By Aubrey Wieber

The Bulletin

A La Pine man who attacked his mother with a gavel in 2013 has been found guilty except for insanity of attempted murder.

The drawn-out case against Austin Miltenberger, 24, made a large step forward Friday during a short bench trial. Miltenberger will be evaluated to see if he should be committed to the state psychiatric hospital or if he can be placed in community-based housing with appropriate supervision.

Miltenberger was arrested and charged with attempted murder, second-degree assault and unlawful use of a weapon after striking his mother, Karen Morse, in the head multiple times on March 16, 2013.

However, Miltenberger, who was diagnosed with schizophrenia when he was 18, was found mentally unfit to aid in his defense and was committed to a psychiatric hospital for 22 months. During that time, doctors struggled to identify the correct medication for him, according to testimony given during the trial, but in July, he was released to the Deschutes County jail.

The trial lasted two hours as it was a stipulated facts trial, meaning the defense and prosecution agreed on what evidence would be brought before the judge.

Being a bench trial, there was no jury.

Deschutes County Deputy District Attorney Brandi Shroyer did not call any witnesses. Her case consisted of photos and a short audio recording of Miltenberger’s interview with a Deschutes County Sheriff’s Office deputy following the attack, in which Miltenberger admitted to the assault, said he intended to kill his mother, and if he were brought back home, would again strike her with the gavel.

In her ruling, Deschutes County Circuit Judge Beth Bagley said the evidence clearly proved Miltenberger intended to kill Morse, but he did not understand the criminality of his actions because of his mental illness.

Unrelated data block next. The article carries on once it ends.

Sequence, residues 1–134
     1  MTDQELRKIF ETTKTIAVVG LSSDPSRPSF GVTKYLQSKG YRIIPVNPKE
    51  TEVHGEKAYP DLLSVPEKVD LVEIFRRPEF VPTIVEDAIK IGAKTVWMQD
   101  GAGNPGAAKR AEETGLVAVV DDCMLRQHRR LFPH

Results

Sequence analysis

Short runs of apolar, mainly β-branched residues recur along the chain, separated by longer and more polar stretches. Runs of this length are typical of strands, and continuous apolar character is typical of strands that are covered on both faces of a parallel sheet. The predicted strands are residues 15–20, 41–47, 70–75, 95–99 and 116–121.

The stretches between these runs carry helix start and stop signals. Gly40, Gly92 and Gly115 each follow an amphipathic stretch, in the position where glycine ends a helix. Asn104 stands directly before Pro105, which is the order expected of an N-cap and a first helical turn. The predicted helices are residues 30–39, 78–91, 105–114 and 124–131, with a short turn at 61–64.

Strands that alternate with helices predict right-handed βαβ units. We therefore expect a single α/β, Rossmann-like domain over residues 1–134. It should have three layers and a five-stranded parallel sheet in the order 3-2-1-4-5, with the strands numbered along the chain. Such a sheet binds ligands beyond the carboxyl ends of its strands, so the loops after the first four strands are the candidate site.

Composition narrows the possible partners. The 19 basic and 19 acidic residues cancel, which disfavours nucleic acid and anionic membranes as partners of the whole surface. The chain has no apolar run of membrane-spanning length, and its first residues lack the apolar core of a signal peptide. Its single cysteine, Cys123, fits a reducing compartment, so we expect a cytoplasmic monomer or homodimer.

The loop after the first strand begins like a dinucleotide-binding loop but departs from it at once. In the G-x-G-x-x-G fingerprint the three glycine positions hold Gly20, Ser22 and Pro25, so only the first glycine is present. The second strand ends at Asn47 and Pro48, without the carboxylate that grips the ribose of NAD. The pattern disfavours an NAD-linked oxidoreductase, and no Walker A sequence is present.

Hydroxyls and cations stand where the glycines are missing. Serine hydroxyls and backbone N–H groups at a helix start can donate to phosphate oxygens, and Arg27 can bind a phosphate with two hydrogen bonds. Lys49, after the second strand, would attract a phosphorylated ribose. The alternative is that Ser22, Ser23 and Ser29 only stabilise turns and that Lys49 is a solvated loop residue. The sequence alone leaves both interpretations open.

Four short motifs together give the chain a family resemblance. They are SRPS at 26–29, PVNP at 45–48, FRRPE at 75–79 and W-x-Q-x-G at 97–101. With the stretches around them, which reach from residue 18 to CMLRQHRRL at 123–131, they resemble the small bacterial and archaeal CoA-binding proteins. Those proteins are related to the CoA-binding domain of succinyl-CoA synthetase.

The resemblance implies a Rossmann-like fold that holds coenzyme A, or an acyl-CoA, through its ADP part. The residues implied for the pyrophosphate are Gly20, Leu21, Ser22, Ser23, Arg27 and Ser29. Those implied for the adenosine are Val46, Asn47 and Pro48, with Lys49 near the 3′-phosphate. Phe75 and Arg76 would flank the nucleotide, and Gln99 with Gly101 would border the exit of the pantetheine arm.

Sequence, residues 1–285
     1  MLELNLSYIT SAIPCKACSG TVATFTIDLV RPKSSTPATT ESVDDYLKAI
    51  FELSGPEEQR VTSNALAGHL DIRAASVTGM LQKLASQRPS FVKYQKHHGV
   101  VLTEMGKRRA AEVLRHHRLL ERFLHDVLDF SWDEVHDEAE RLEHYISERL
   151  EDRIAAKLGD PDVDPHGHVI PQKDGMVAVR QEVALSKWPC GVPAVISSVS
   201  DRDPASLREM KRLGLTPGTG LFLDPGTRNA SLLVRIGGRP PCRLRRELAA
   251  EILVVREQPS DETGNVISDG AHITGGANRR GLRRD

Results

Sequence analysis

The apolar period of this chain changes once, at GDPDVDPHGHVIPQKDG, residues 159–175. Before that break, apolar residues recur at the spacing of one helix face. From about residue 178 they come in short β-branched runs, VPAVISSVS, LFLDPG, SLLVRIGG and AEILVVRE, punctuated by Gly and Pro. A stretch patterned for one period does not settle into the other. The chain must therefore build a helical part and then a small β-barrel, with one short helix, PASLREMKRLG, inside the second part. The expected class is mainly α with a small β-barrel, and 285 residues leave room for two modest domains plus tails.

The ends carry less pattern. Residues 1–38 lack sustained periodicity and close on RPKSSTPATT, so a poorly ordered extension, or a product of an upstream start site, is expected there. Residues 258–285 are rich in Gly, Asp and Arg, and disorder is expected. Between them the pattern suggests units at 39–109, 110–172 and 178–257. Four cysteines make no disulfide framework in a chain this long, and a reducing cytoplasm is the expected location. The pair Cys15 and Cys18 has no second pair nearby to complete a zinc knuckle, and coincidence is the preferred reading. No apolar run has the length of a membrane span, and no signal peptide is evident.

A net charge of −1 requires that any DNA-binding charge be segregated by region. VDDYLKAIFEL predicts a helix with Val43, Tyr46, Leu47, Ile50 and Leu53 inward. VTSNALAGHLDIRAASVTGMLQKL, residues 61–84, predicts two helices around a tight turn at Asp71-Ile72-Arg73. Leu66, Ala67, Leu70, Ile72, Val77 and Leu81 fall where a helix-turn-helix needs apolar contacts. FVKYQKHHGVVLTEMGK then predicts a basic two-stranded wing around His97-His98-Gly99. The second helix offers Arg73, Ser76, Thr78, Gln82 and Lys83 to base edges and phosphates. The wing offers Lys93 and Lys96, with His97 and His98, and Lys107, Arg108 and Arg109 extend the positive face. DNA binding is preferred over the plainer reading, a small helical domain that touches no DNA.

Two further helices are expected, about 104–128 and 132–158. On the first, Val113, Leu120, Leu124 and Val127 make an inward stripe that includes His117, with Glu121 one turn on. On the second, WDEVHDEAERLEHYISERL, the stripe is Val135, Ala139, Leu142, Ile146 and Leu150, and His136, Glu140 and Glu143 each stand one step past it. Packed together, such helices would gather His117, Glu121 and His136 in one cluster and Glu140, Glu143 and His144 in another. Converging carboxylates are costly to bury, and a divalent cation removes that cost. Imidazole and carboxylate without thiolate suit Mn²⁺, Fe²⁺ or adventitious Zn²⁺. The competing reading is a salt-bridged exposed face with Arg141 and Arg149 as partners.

Defense attorney Karla Nash presented evidence to that effect in the form of Jeffrey Gray, a forensic psychologist who did several evaluations of Miltenberger since the attack. Gray testified that Miltenberger struggles to understand nuance or complicated issues.

He said he has seen evidence of Miltenberger having auditory hallucinations, such as looking away from him during an interview and smiling or laughing, presumably at something that wasn’t there.

Miltenberger had a history of such behavior leading up to the attack. He was living with his sister in La Pine and exhibiting psychotic behavior, according to testimony. Miltenberger would pace the halls at night and have conversations while alone in his room. He talked about a gavel, and at one point called the police to report the gavel was missing, though at the time he didn’t have one.

He asked his sister for a gavel, and she purchased one online and gave it to him on March 15, 2016. The next day, he went to his mom’s house with the gavel, according to testimony.

Morse’s boyfriend answered the door and let Miltenberger in, thinking he wanted to show his mother the gavel. Miltenberger went straight into the kitchen and began attacking Morse, according to testimony.

Morse’s boyfriend reported hearing multiple whacking noises, before going into the kitchen where he saw Miltenberger hit Morse five to six more times. Morse’s boyfriend restrained Miltenberger and ended the attack. Morse sustained a wound on her forehead requiring stitches and a bruise on her forearm from trying to defend herself from the attack.

In the interview with a deputy later, Miltenberger said he did it because Morse often yelled and nagged at him. Gray testified Miltenberger told him that the nagging was generally over grades, even though Miltenberger, 21 at the time, was not in school. Gray said this is evidence of Miltenberger not being able to comprehend reality.

In the years since the attack on his mother, Miltenberger continued to display psychotic behavior. But according to testimony, he improved as doctors were better able to dial in medication. On Oct. 17, Miltenberger will be sentenced, and it will be determined where he will reside.

Nash said he will be under the authority of the Oregon Psychiatric Security Review Board for the next 20 years. The board will decide what sort of supervision is appropriate in order to help Miltenberger, while keeping the community safe.

After the trial, Nash said it was a tragic situation where mental illness greatly impacted a family. It was an example of how severe schizophrenia can be, she said.

At trial, Morse, her boyfriend and Miltenberger’s sister were all in attendance in support of their family member.

— Reporter: 541-383-0376,